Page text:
Why It’s Good to be Rich

I love the article by Jonathan Clements that appeared in the Wall Street Journal in 2005 called “Why It’s Good to be Rich” because it underscores the power of having surplus money, something you must experience to truly understand. A person in debt will never understand the idea that a little bit of surplus money can multiply quickly in your  hand.

Clements article outlines 25 financial benefits that people with fat wallets are able to enjoy and the ways in which those benefits create additional wealth. Here are some of those benefits:

  • You can pay off your credit-card balances each month, avoiding high interest costs.
  • You will always have enough money to take advantage of tax-favored accounts like Roth IRAs.
  • Your fat investment portfolio helps you feel rich so you don’t need to prove your wealth by purchasing new cars and designer clothing on credit.
  • Your accounts are big enough that you won’t get hit with annoying bank fees, annual IRA fees, and account-maintenance fees like those with smaller balances must pay.
  • Your high FICO score and superb credit history ensure that you can always get a loan and qualify for no-fee credit cards.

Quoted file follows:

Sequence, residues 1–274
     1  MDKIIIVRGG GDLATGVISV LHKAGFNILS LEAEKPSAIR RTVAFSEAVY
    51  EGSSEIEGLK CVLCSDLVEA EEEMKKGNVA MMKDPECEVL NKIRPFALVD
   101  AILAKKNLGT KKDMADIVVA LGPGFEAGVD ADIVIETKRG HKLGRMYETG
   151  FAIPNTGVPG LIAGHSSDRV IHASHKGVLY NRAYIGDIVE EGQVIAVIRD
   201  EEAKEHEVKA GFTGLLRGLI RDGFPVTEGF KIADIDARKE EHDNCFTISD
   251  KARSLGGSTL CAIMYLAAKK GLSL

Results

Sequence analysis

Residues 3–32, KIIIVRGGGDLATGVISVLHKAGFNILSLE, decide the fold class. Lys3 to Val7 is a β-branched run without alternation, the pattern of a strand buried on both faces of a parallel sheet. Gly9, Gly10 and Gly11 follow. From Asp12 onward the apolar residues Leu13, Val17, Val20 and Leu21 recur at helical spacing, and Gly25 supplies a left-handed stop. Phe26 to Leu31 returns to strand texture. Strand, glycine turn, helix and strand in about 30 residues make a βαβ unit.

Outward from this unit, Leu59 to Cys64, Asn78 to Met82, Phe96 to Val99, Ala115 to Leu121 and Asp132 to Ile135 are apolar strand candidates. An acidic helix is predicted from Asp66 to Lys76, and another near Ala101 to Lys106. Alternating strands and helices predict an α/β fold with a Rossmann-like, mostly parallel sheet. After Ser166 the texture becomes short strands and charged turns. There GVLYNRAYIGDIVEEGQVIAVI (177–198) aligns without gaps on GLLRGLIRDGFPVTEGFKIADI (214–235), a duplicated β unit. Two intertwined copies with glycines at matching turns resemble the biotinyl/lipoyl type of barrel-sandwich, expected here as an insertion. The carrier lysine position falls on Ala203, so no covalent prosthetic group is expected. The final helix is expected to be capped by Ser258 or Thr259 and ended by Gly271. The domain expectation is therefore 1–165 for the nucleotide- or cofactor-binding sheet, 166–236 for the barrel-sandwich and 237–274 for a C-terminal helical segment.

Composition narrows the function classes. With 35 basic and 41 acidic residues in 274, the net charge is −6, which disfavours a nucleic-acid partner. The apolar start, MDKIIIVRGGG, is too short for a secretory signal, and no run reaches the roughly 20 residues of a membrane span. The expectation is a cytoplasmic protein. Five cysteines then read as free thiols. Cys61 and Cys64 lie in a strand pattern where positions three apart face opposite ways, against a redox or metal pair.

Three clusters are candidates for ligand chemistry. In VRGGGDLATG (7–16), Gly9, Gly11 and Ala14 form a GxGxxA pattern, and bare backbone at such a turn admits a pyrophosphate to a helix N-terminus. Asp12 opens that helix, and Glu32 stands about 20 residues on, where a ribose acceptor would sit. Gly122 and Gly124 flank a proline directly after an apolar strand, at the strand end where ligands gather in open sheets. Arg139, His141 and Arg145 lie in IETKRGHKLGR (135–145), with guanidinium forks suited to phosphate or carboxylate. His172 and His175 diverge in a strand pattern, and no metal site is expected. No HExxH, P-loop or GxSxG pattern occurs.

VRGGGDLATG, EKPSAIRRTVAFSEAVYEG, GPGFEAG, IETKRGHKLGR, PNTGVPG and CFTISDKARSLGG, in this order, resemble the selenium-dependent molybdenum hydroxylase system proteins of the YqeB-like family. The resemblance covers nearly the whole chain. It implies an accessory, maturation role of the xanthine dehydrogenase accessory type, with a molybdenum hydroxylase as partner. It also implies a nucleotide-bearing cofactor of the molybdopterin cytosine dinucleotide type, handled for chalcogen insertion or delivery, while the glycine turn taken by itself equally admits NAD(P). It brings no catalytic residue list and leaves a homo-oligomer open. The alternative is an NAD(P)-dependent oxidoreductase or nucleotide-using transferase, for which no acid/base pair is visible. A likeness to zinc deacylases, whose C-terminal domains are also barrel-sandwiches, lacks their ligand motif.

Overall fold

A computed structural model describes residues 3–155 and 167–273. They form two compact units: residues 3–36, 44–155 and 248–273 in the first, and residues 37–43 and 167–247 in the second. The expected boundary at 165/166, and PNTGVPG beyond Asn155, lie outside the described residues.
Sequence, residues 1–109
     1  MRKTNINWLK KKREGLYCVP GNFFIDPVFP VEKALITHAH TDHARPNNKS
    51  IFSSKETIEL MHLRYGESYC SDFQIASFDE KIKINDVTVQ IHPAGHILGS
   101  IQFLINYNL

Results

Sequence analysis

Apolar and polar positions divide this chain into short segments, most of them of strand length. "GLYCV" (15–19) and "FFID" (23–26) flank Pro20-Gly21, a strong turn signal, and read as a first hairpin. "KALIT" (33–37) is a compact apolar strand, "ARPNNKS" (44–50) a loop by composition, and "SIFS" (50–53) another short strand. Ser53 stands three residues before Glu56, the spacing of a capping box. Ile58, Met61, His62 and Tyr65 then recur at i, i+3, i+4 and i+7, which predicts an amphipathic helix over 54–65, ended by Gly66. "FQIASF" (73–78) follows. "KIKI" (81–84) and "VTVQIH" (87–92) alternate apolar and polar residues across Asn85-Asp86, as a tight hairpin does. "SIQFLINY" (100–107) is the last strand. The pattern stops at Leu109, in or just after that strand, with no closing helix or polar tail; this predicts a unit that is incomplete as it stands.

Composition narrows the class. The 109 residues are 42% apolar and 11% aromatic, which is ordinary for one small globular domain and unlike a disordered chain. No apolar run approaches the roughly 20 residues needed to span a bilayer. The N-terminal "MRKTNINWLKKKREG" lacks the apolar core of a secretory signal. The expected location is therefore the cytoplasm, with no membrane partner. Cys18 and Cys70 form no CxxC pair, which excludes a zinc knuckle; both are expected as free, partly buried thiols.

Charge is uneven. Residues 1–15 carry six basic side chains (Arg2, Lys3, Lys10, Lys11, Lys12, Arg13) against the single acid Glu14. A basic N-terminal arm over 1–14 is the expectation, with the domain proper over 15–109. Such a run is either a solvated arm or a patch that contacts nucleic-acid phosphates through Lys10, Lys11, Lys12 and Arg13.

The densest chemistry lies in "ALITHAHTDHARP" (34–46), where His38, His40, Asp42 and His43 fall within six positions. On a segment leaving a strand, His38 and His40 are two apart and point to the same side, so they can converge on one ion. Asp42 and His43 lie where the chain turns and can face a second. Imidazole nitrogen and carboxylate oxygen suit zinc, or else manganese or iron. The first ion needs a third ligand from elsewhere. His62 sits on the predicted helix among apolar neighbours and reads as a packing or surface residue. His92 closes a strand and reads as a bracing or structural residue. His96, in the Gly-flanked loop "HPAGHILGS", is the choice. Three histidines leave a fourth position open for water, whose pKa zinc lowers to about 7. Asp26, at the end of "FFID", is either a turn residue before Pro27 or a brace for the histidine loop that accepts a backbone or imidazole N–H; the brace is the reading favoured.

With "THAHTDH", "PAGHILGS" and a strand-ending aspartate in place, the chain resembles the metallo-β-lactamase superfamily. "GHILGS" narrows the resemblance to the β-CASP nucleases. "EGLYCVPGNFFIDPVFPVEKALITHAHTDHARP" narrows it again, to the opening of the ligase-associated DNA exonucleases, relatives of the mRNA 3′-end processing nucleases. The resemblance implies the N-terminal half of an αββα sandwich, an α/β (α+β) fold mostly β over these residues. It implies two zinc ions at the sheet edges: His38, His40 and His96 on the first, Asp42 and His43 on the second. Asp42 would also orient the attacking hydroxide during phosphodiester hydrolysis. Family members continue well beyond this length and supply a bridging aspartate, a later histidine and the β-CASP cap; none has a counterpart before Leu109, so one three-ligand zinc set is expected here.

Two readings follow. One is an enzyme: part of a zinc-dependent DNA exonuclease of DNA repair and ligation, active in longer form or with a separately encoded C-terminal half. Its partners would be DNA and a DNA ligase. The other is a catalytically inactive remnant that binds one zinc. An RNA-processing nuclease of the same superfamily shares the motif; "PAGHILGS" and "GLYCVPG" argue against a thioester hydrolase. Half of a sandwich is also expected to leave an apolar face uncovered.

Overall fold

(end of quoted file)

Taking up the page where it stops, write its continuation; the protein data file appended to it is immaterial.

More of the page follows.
• You can drop term life insurance because you’ll have so much money that your spouse and kids won’t need insurance; you can invest the premiums in cash-producing ventures instead.
  • You won’t have to buy long-term care insurance, saving thousands of dollars in premiums for something you may not even need; if you do end up going to a nursing home, you can pay your own care facility or home-healthcare costs instead.
  • You can sleep better at night because you don’t have to worry about how you’re going to pay the bills or whether your investments will see you through retirement.
  • Your financial prudence provides a good example for your children, so they grow up to be financially independent and less likely to need bailing out from you.
  • You won’t ever be forced to sell your home and move into an apartment after you retire, or worse, in with your kids.
  • You can avoid playing silly financial games such as buying lottery tickets in hope of “getting rich quick.”
  • You always have the cash on hand to seize lucrative financial opportunities whenever they present themselves.
  • You have enough money to travel the world or engage in philanthropic ventures that will provide you priceless experiences you would nave have been able to have otherwise.